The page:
Fourth, his decision was made "in order that I may gain Christ" (v. 8c). To lose or to give up or to forfeit or to turn away from something without a reason, namely, to get something infinitely better, is crazy. Paul makes it clear that it is Christ himself, not his blessings or favor or gifts but the person of the Son of God himself that accounts for this transformation in the allegiance of his soul. His decision was not grounded in fear, shame, boredom, or any other negative incentive. It was "because of Christ", i.e., the hope of getting more and better and greater and more beautiful and more satisfying experience of the knowledge and fellowship found only in Christ that explains his revolutionary decision.
Fifth, it was in order that I may “be found in him" (v. 9) that he regarded the formerly fragrant achievements of life to be a repugnant stench of refuse. Whether in Rome or Philippi or Antioch or Oklahoma City; whether healthy or sick or worried or care free or wealthy or poor; it only matters that he (we) be “in him.” Thus, Paul says, "Not only do I want to get Christ; I want to get in Christ! I want to find him and then be found in him.”
There is no way around it: Paul is talking about a fundamental change in his personal identity. No longer did he see himself merely as Paul, or even as an apostle, or even merely as a Christian. Rather, in sweeping and comprehensive language he says I do everything for his sake; I evaluate everything else in comparison with him and invariably find it all to be worthless and Christ alone to be of incomparable excellence; I happily suffer the loss of everything that I once held dear; I only want to get him and gain him and hold onto him and to be found in him. Christ is his magnificent obsession!
Sixth, echoing his earlier statement in v. 8a, it was “that I may know him" (v. 10a). When I hear words such as this I am reminded of Paul's reference in 2 Corinthians 2:14 to "the sweet aroma of the knowledge of him." Knowing Jesus stimulates olfactory delights! There is a spiritual and emotional pleasure in knowing Jesus that can best be compared to the physical delight we experience when our nostrils are filled with the fragrance of the choicest of perfumes or the soothing aroma of our favorite food. Simply put, knowing Jesus smells good!
The seventh and eighth of his assertions pertain to his desire to know “the power of his resurrection” (v. 10b) and to “share his sufferings, becoming like him in his death” (v. 10c). These we will examine more closely in future articles.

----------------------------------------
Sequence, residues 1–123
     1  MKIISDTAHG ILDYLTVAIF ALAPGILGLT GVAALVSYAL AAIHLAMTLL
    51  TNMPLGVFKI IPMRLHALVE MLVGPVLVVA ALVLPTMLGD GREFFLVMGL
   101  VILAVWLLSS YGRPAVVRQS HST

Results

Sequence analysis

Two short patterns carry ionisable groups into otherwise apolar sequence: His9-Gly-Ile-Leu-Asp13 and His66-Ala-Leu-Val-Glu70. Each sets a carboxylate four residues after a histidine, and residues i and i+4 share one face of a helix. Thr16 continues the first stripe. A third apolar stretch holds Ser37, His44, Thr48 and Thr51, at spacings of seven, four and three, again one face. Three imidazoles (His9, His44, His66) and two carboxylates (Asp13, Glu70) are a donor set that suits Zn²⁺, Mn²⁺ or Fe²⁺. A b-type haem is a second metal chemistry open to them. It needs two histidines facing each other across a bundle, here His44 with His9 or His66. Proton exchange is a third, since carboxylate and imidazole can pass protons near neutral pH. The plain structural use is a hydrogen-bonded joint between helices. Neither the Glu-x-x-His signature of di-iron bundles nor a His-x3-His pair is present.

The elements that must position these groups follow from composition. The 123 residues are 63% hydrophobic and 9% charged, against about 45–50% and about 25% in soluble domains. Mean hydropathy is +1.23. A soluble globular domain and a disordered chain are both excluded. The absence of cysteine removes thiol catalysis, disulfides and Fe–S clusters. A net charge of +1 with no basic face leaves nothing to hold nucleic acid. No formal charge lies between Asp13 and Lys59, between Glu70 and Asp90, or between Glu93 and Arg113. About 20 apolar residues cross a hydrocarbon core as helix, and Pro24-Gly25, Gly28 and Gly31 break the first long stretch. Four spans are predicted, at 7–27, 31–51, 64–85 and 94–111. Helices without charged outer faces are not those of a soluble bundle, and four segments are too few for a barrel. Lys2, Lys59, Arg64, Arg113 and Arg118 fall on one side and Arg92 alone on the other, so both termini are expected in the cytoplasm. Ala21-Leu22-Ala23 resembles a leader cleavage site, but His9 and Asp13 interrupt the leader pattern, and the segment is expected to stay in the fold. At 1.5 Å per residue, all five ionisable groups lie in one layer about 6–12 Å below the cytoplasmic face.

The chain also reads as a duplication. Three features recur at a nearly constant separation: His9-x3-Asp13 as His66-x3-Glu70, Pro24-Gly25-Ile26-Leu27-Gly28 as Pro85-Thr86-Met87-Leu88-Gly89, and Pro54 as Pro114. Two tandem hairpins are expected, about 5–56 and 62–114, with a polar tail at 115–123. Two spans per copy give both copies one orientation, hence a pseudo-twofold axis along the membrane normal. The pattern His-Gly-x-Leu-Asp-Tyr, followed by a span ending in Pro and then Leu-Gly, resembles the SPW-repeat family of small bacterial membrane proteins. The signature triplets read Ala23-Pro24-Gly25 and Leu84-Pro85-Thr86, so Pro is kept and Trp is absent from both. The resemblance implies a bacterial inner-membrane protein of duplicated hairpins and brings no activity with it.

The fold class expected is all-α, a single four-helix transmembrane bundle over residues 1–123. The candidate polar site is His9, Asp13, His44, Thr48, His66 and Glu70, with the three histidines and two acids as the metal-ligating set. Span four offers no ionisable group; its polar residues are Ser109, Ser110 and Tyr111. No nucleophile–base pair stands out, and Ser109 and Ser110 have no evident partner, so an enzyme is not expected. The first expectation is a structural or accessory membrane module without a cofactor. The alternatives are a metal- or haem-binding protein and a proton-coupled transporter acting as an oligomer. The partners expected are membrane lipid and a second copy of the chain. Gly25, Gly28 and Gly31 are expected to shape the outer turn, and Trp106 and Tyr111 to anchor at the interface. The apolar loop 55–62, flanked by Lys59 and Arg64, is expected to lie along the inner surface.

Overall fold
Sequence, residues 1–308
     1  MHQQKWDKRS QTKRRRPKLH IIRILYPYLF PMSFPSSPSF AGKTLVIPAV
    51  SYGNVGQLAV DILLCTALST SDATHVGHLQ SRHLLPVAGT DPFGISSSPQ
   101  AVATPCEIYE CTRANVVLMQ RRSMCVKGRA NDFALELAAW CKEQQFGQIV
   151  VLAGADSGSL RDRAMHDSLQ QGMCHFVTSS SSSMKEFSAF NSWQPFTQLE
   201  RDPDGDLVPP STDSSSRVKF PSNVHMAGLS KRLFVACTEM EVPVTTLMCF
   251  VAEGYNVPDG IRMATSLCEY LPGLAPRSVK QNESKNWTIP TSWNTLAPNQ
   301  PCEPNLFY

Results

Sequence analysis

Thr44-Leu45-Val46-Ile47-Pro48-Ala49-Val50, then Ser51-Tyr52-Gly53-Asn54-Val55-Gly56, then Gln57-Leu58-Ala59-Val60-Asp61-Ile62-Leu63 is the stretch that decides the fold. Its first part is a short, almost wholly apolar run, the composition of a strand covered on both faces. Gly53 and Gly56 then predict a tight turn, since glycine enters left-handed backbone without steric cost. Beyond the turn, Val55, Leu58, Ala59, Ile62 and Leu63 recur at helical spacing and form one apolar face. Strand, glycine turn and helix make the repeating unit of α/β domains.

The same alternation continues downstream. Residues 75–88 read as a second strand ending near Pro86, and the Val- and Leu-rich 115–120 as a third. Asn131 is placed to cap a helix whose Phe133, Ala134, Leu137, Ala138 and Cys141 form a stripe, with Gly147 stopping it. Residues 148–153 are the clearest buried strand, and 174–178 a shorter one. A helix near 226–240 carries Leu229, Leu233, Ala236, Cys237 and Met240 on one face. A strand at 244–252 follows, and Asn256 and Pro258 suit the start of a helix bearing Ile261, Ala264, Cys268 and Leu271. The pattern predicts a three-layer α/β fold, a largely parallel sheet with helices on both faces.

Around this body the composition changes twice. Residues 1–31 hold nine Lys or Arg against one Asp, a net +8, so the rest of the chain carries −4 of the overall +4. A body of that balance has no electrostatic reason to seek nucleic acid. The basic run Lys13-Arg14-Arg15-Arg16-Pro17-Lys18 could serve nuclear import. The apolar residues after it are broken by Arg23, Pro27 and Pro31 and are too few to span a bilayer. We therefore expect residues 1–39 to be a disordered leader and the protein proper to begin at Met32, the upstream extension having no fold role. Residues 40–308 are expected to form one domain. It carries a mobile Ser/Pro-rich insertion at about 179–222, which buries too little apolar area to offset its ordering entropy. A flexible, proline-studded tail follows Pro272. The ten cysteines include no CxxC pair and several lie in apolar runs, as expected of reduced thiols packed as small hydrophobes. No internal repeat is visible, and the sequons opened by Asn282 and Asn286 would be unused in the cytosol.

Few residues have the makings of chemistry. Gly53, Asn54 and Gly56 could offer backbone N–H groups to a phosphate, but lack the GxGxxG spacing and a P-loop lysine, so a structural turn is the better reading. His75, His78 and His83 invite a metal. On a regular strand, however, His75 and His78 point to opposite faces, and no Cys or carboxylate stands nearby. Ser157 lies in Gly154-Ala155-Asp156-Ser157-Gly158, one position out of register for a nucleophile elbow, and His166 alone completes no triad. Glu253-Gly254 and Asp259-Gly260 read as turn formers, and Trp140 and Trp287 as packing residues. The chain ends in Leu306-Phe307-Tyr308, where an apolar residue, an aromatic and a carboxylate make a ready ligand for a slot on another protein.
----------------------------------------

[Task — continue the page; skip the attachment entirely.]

In conclusion, I read this passage and I want to be able, with Paul, to honestly and sincerely and with joy say: "Those things in my life that used to have a stranglehold on me, I now regard as dung, as refuse, as rubbish; in comparison with the surpassing beauty and glory of Christ, they no longer have any appeal; their glitter and glamour have gone. My eye is no longer drawn to look upon them, my heart is no longer in love with them, my will is no longer enslaved to them, my mind no longer thinks about them, my taste buds no longer find them delicious."
Jesus is incomparably better. Jesus is enough! This is the enjoyment and satisfaction and delight that alone have the power to kill sin in our souls.
And what can be said to those who until now have held on tightly to their worldly status and their educational achievements and their fleshly rewards and all the things that our society holds dear and wars to own? What can be said to those who perhaps for the first time are recognizing the bankruptcy of all such things and facing the emptiness of life that they produce?
Do you want to know Jesus? Do you desire to be found in him alone? Do you treasure him as of surpassing worth, exceeding all else in life? Do repudiate whatever so-called “righteousness” you think you’ve accumulated in life until now and cast yourself instead on the righteousness of Christ alone, received by faith alone?
If the answer is Yes, then entrust yourself to him today. Make Paul’s words your own. Make his confession your own. And Christ will be yours, and you will be his!